DOABLE CHANGE Introduction



Doable Change: Making Incremental, Achievable Difference in Your Career and Life

“And then there is the most dangerous risk of all – the risk of spending your life not doing what you want on the bet you can buy yourself the freedom to do it later.” Randy Komisar

"You must first be who you are, then do what you need to do, in order to have what you want." Margaret Young

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Time for Change

Cheryl was an apartment manager at a large apartment complex. She loved the interaction with the residents. Providing a good home for a large number of people satisfied her. Being responsive to tenants’ needs, and getting to know their families, made her feel like part of a community. She had a good-paying job and was well-regarded by the families she helped serve. She felt fulfilled in most ways.

Over time, Cheryl began to become less enthusiastic about her job. New management led to a change in the type of work she did. She said “My job was less about the people and more about technology and reporting. I hated that I was getting away from what I really liked to do. Even though I was very good at the role, I no longer enjoyed it.” A nagging feeling of doubt crept into her life.

On January 1, Cheryl took down the calendar from the previous year. As she did so, she asked herself three questions:

1. Did I make any new friends this year?

2. Did I learn anything new this year?

3. Did I visit any location where I had not gone before?

When she could not answer “yes” to any of those questions, that became Cheryl’s impetus for Doable Change. She knew it was time to do something different, to add to her life. As is so often the case with change, she had many more questions than answers. What to do differently? Where to start? What’s next? How do I go about figuring it out? She was uncertain of a lot of things, but the need to change was not one of them. She promised herself that day to be doing something very different within three years. She began her journey with that one simple step: a goal state for the future.

Change and each of us

Change is everywhere. “The trees are beginning to change color.” “We need to change the way we operate if we want our customers to keep coming back”. “The company needs to redo its website.” “I want to change my outlook on what I can accomplish.” It is all around us. Unavoidable. Constant. Persistent. Frightening.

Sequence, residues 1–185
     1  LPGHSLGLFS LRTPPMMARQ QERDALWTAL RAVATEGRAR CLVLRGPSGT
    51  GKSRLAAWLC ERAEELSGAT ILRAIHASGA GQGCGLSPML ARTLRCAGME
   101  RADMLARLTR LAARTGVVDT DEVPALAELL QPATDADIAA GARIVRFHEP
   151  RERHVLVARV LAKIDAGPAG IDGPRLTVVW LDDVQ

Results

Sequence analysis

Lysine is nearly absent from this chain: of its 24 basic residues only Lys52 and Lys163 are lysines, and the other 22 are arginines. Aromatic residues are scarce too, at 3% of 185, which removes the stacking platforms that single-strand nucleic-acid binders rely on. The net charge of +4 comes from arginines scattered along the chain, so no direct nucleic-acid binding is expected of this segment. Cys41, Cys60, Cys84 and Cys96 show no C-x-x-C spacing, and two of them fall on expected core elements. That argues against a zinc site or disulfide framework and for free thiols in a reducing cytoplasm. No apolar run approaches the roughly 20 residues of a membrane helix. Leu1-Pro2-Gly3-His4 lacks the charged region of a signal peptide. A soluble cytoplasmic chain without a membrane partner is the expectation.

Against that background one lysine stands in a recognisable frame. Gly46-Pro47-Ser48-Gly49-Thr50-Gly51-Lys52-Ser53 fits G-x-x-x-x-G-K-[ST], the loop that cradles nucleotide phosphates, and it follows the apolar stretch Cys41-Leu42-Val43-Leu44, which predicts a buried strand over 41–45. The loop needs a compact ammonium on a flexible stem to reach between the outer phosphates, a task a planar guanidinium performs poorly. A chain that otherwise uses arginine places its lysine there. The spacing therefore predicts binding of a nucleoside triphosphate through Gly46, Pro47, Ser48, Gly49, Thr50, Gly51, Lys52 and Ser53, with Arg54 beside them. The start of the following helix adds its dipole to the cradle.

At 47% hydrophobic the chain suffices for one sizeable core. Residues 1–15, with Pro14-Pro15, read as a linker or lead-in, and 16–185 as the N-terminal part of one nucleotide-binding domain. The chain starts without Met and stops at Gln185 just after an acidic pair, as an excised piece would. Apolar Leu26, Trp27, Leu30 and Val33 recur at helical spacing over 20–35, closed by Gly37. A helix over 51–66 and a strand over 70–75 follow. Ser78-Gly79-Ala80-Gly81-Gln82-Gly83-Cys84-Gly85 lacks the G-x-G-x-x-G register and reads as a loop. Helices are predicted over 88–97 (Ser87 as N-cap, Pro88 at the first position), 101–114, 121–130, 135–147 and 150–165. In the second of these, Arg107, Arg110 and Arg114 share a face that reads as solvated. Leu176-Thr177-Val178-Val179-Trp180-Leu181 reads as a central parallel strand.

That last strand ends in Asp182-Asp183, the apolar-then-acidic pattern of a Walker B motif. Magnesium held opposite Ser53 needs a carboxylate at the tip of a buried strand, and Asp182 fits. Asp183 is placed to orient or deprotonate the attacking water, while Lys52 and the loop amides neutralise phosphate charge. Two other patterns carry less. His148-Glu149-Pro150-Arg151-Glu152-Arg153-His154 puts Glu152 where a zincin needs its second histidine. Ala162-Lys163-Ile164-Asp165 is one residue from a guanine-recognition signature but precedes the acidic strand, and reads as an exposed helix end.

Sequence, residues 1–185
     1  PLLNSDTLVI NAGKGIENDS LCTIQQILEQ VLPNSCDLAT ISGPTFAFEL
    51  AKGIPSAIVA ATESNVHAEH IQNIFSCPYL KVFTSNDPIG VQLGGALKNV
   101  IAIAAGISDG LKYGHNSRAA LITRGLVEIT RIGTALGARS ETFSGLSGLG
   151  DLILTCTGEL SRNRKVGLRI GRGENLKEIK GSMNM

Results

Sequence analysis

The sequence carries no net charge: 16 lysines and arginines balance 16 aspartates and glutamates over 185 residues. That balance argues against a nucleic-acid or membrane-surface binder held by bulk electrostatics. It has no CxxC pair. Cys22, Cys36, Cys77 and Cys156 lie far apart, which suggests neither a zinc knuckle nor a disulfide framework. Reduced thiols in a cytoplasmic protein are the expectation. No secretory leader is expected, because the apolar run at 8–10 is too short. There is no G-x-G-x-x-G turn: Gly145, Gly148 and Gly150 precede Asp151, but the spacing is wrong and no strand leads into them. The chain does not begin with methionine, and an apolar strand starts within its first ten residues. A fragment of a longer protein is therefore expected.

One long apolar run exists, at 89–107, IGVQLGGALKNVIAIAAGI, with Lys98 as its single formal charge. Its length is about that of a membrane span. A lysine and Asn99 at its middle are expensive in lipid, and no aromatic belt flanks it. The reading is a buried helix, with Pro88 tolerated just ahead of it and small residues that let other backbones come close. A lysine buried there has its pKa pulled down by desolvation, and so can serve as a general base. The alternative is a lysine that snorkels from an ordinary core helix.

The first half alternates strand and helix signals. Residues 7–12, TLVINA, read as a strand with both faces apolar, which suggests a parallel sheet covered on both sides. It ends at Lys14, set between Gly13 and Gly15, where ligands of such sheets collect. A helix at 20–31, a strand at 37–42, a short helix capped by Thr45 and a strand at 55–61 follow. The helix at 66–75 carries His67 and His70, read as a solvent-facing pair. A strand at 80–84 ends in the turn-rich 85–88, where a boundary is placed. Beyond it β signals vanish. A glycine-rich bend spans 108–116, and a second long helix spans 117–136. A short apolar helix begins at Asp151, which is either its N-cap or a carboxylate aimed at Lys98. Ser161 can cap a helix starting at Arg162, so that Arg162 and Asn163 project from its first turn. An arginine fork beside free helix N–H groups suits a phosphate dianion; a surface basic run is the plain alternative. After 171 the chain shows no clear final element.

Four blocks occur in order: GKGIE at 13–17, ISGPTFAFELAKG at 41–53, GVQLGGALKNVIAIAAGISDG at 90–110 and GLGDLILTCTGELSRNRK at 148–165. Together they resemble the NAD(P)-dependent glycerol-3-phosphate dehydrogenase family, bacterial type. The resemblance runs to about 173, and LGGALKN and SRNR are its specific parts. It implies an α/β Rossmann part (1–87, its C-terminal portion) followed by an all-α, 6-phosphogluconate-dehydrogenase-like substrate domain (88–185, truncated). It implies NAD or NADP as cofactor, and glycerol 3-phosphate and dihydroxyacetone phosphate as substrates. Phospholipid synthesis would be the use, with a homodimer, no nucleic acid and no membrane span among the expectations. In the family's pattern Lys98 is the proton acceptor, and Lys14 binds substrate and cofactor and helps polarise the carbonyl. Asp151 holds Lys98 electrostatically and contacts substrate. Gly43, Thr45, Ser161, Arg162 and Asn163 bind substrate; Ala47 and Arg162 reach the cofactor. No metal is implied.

We hear about people who make large changes in their life. The person who lost 150 pounds, dedicated themselves to running, and is now a marathon runner. J.K. Rowling, who in her mid-20s was a single mother, practically homeless, and decided to leave an unfulfilling marriage. Three years later, she published Harry Potter and The Philosopher’s Stone and was on her way to writing some of the most popular fiction in history.

Sometimes change seems so easy. It just happens. For “them”, the chosen few. The “lucky ones.” The more gifted people.

Why is change so hard for most of us?

A lot of what makes change difficult has to do with how our mind works. In many ways, we are not programmed for change. It goes against what we are comfortable with. It represents a deviation from the normal way we interact with the rest of our world.

At another level, change puts a spotlight on us when we might not want it. Think about someone who changes their hair color, adds tattoos, or quits their job. We look at them in a different light, not always a positive one. The person who made the change may “like” it, but might also be nervous about other’s perceptions. It is natural to be self-conscious in times of change.

We have an odd relationship with change. While we often admire it, equally as often we abhor it. The politician who changes his position on an issue is vilified. If a player chooses to leave our favorite team, we call them a traitor and an ungrateful person. If we are asked to change the way we dress at work or school we feel like our rights to “be our self” are being trampled. Think of the repercussions when the local coffee shop decides to stop offering our favorite drink anymore.

Change is “the act or instance of making or becoming different.” Some synonyms for change sound positive – innovation, switch, modification. Some sound scary – transformation, revolution, or transition. Some sound downright negative – reversal or revision.

Depending on our mindset, each of those synonyms might come into play.

Change “is like a knife that either serves us or cuts us as we grasp it by the blade or the handle." Change is like that knife when it is tossed into the air to us, spinning handle over blade. We are not sure whether we will grab the handle or the blade. We expect pain, grasping the blade. It does not occur to us that it may be comfortable, like grabbing the handle.

At times, change can be good, especially when it is the “other person” who is doing the change. We love it when we witness our children learn something new, graduate from school, or find a loving partner. When our neighbor changes the landscaping on her house, we revel in how nice the house looks. When a long-suffering friend finally finds that new job that suits them, we celebrate with them.